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How Digital Schoolhouse is rebooting computing education

Author: Laura.Martin

The much awaited Royal Society review on the state of computing education in schools was revealed last Friday. “After the Reboot: Computing Education in UK Schools” presents a comprehensive picture of the current delivery of computing and highlights just how far the UK is falling short of its targets.

Here at Digital Schoolhouse (DSH), we're thrilled to see just how closely our programme aligns with the recommendations and examples of good practice presented in the report - we decided to pick a few of these recommendations out for you:

Recommendation 1: In England, school governors and Ofsted should monitor whether and how schools are teaching computing to all pupils.

Our team of Digital Schoolhouse Lead Teachers (DSLTs) work closely with visiting schools to help train teachers and provide advice on curriculum provision and delivery. Our workshops are often viewed as the first step taken by schools to help them embed the computing curriculum.

The central Digital Schoolhouse team has often been approached by school senior leaders asking for advice and guidance around the computing curriculum. Additionally, we worked with the Education Endowment Foundation to jointly develop the first Computing Guide for Senior Leaders (2015).

Recommendation 2: Ofqual and the government should work urgently with the learned societies in computing, awarding bodies, and other stakeholder groups, to ensure that the range of qualifications include pathways suitable for all pupils, with an immediate focus on information technology at Key Stage 4. The learned societies in computing should establish a curriculum committee, to provide government with ongoing advice on the content, qualifications, pedagogy, and assessment methods for computing.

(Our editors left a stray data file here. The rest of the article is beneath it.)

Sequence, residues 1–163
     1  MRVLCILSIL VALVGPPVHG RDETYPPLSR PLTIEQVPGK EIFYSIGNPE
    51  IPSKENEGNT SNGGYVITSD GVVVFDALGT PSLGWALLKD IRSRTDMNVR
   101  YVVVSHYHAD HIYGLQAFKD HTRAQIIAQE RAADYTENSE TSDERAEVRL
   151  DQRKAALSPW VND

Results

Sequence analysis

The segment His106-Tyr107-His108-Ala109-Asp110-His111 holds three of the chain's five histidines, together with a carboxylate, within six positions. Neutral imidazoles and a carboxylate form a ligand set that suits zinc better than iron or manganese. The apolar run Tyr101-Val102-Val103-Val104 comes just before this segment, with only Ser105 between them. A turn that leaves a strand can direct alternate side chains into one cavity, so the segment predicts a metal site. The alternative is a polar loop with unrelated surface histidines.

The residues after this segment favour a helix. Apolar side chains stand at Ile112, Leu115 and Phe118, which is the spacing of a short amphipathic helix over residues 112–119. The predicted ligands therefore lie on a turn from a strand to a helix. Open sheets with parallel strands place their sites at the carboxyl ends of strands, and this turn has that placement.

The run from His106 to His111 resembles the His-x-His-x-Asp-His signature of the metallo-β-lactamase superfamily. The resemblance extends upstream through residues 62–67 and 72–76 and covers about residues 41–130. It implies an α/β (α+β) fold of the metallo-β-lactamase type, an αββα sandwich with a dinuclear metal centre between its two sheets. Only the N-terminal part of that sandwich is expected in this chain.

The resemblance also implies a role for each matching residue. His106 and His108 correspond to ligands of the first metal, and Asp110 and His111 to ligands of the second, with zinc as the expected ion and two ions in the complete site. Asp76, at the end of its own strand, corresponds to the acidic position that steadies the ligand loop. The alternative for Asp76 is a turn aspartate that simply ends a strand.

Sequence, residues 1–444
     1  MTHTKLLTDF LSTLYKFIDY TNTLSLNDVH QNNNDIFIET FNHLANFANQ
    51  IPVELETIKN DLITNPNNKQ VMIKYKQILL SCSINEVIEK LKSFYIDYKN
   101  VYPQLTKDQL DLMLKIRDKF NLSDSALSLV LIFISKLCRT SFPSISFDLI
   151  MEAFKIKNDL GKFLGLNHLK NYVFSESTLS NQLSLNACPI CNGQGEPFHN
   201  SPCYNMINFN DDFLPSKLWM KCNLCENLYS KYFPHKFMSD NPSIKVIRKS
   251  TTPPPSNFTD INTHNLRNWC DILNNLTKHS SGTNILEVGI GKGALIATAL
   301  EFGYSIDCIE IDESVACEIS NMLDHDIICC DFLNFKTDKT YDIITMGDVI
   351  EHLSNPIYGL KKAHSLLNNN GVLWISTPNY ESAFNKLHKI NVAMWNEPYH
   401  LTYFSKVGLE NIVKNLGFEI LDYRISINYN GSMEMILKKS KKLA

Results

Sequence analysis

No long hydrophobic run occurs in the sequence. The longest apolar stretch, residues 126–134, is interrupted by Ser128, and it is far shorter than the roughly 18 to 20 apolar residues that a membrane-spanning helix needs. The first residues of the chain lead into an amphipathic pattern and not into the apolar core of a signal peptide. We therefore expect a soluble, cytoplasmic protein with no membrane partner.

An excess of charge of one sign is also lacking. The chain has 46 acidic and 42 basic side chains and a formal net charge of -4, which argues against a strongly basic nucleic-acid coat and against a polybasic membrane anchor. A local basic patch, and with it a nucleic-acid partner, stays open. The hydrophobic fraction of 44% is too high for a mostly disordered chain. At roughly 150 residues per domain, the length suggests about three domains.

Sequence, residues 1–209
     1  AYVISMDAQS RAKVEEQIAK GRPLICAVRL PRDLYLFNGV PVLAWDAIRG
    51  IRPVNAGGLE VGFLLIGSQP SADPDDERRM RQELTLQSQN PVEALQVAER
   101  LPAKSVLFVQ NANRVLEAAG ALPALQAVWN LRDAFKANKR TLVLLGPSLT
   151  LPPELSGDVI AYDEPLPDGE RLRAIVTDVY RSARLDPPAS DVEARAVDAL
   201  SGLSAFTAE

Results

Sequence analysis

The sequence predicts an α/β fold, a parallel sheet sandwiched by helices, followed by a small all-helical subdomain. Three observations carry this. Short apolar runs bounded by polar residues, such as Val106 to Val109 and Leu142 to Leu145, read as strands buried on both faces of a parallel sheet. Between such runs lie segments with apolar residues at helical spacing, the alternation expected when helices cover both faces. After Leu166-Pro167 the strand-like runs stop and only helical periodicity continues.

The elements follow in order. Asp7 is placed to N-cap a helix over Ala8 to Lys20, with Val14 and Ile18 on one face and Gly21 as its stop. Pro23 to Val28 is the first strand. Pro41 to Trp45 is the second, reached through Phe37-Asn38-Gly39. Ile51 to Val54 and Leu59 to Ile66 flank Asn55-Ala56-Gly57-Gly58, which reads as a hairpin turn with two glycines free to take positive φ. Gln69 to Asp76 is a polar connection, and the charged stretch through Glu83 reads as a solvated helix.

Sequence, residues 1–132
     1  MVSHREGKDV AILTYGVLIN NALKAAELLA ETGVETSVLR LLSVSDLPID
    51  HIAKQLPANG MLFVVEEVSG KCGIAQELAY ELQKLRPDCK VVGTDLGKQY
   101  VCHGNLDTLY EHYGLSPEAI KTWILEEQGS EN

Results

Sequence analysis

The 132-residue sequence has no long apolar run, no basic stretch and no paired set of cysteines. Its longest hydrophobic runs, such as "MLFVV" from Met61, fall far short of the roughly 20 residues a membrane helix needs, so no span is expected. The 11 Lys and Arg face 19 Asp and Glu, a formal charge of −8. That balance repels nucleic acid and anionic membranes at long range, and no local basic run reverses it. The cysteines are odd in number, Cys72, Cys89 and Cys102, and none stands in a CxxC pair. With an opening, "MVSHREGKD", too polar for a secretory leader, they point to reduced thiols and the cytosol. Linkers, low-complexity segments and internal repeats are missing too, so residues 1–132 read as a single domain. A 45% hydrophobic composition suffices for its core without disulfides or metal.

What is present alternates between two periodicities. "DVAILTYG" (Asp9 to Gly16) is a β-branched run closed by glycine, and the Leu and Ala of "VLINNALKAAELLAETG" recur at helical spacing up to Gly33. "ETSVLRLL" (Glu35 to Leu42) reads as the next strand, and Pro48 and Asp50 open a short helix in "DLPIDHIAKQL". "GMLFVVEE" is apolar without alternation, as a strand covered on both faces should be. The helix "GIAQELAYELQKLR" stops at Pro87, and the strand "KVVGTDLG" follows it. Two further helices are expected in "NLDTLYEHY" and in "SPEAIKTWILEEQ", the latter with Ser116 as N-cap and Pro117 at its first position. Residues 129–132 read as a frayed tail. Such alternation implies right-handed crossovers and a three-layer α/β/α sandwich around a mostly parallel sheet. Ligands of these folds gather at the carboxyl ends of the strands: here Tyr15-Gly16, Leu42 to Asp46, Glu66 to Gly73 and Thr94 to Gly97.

Digital Schoolhouse continues to explore and develop pedagogy and assessment methods for computing. Our network of DSLTs continues to work with the country’s leading academics, as well as conducting their own practitioner research to identify good practices. Our team also continues to engage with awarding bodies and stakeholders in addition to contributing to key working groups.

Recommendation 3: Research projects on pedagogy and curriculum development in computing should also investigate how to improve female participation.

The Digital Schoolhouse team actively engages with practitioner research to further develop the effective delivery and provision of computing in schools. Our research and impact data, particularly around the Digital Schoolhouse approach considers our programmes impact on females and the learning provided around this.

Recommendation 4: Government and industry-funded interventions must prioritise and evaluate their impact on improving the gender balance of computing

Each year, we evaluate the impact of the Digital Schoolhouse programme across a number of factors. One of these is always our impact and outreach amongst female pupils. Our results consistently show that participation in Digital Schoolhouse workshops help close the gender gap in student’s attainment, confidence and understanding of computing. Female students continue to report that the workshops help make computing more accessible and fun. Students and teachers consistently feedback how the DSH activities challenge traditional stereotypes surrounding the subject.  

Additionally, workshops are deliberately scheduled to take place during the school day, and visiting primary schools bring entire class groups for a Digital Schoolhouse visit. This structure ensures that we have an equal split of boys and girls in each workshop.

Recommendation 5: Governments should introduce quality-assured computing conversion courses for existing teachers, equivalent to those in physics and mathematics.

While this recommendation isn’t strictly applicable to the DSH programme, it is nevertheless worth noting the programme’s inclusivity. Our team of DSLTs includes non-specialists, and enables each teacher to contribute their areas of strength to the overall provision of the programme. For example, our physics specialist Lead Teacher is currently developing cross-over computing materials from the Physics and Engineering perspective. Additionally, our university DSH’s are currently exploring how the programme can best integrate with the Initial Teacher Training courses.

Recommendation 8: Industry and academia should support and encourage braided careers for staff who want to teach as well as work in another setting.